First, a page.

When I was a child, one of the patriotic songs that we learned had the good sense to instill a feeling of love for our nation. This Land Is Your Land, This Land Is My Land must have meant something different to me than it did for others. I saw it as a call for unification of all citizens of this great country. Not only uniting us in place, but in purpose, to protect the Land from all hostile forces. What I have learned over the years is that the vast majority of us do not feel the same way. In fact, it seems to me that most acreages that have been privately held have suffered extreme assault. Rather than defending the integrity of the Land, the overarching goals of many land owners has been to wrest as much yield from their land as possible and their management of their land lies in sharp contrast to the strains of that song taught long ago. In spite of the fact that land management effects us all, it seems, the very act of purchasing land allows one to degrade it at will.
The most amazing step I have ever seen taken toward better management was the rarely seen technique of strip cropping. In essence, this is like a micro scale terracing system. If you have seen it, you will never forget it. What it involves is tilling the land perpendicular to what we skiers know as the fall line. Imagine, each hillside has a contour, lines of equal elevation. If the units of elevation remain the same, in more steep areas contour lines get close together and in flatter areas they may be very far apart. Understanding the lay of the land and the microclimates that develop in different terrain, can be the best place to start if you are going to live in harmony with your locality. Anyone can plop standardized activities onto the face of the Earth wherever they choose, hiring engineers to ameliorate issues that stem from a specific location, but when one learns to become sensitive to the land, it is far more likely that what you choose to do there will compliment what has taken place there for centuries and do the least harm.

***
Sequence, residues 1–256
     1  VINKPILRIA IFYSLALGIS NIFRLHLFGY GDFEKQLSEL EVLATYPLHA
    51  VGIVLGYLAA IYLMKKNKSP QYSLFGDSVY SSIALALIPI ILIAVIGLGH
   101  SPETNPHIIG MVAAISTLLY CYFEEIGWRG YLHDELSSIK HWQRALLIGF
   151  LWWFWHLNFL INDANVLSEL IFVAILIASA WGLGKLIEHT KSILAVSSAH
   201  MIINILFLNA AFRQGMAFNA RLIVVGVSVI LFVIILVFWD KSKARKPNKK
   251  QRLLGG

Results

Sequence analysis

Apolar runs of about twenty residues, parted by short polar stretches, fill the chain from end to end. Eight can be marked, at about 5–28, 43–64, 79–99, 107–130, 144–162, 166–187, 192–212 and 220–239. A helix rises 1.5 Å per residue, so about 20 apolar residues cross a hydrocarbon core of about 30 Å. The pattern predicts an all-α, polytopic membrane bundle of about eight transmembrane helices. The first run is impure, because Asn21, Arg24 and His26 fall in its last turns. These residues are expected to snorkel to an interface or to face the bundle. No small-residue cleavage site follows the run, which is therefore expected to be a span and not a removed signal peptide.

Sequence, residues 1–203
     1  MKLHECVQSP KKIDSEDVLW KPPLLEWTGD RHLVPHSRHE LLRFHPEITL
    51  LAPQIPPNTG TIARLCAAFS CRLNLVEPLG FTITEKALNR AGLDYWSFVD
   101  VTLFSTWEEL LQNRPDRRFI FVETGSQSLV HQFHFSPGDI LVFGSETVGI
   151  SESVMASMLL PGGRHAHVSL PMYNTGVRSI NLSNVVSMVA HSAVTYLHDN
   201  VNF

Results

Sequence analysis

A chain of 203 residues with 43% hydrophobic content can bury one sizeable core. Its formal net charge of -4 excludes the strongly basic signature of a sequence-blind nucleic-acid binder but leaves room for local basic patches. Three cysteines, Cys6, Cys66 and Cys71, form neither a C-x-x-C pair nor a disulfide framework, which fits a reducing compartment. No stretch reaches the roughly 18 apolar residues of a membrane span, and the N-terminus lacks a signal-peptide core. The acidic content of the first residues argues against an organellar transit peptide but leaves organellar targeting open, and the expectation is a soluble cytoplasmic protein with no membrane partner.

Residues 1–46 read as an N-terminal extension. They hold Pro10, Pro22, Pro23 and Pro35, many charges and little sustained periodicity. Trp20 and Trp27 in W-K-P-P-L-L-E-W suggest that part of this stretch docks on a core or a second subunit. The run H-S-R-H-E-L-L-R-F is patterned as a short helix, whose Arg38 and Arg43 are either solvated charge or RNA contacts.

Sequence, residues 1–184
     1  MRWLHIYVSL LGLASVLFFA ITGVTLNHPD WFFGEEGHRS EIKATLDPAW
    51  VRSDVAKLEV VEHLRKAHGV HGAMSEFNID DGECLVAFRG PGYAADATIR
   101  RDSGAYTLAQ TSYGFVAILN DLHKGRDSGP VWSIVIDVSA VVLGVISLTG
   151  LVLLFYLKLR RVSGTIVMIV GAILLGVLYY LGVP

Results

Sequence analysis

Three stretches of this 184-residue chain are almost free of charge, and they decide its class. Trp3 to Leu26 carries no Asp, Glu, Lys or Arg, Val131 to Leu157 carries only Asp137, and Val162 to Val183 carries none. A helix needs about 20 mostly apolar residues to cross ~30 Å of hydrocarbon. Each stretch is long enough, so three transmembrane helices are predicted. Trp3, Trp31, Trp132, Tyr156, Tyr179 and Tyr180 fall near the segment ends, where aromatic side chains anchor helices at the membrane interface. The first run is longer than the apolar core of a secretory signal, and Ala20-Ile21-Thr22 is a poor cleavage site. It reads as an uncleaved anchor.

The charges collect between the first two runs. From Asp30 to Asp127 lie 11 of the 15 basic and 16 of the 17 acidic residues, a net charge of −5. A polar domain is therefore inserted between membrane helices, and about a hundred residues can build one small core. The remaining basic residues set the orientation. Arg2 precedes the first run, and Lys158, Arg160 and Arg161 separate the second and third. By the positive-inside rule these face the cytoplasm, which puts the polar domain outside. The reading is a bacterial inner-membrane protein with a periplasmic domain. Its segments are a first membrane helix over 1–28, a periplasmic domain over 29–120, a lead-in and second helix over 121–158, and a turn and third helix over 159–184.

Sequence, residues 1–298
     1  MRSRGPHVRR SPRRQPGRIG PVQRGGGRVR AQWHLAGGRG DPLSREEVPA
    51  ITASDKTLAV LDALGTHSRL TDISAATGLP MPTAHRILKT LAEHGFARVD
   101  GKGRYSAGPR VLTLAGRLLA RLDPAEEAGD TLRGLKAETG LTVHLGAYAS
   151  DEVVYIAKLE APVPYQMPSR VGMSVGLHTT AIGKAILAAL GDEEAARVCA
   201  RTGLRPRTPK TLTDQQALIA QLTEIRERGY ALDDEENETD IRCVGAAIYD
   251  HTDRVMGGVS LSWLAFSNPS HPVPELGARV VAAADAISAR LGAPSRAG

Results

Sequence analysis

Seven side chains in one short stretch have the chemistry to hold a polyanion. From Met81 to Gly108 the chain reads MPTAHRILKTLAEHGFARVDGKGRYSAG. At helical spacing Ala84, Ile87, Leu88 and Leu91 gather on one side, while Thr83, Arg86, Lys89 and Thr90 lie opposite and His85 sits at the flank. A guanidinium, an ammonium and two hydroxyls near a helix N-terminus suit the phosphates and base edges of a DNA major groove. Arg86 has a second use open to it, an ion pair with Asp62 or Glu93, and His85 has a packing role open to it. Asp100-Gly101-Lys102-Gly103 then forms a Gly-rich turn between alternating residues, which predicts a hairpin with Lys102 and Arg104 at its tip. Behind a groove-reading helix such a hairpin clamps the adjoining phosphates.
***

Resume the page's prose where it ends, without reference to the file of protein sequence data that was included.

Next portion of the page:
Understanding that the land is not just an area covered with dirt, but a living complex of water, soils and organisms teeming for survival is the best first step I know to coming to terms with what we might choose to do on any single parcel. On my own tiny lots I have exponentially increased the microclimates and always strive for creating more niches rather than less for native species. The brush pile, for instance, is often overlooked as a home and shelter for many different critters. Both my lots have one or more. My compost, I jokingly say, goes on tour from time to time. I like to change the location of that organic material digester, to spread the wealth of nutrients that inevitable make their way out from the bottom of the pile. When we moved here, three species made up the majority of life on both lots. Today, we have over twenty four species of edible perennials alone, not to mention the dozens of trees that we have planted and the vegetable gardens that we plant chock full of annuals.
As I have said before, make small changes, look a lot, get to know the land you are seeking to transform and don’t try to do everything at once. Grow organically toward a desired outcome or state rather than trying to buy it right out of the box. The rewards come, sometimes when you least expect it and those who appreciate your work will give you insight that you may not have been able to find any other way. The planet will thank you and you can take heart in knowing that you did an honest day’s work that will reward life on Earth for many many years to come.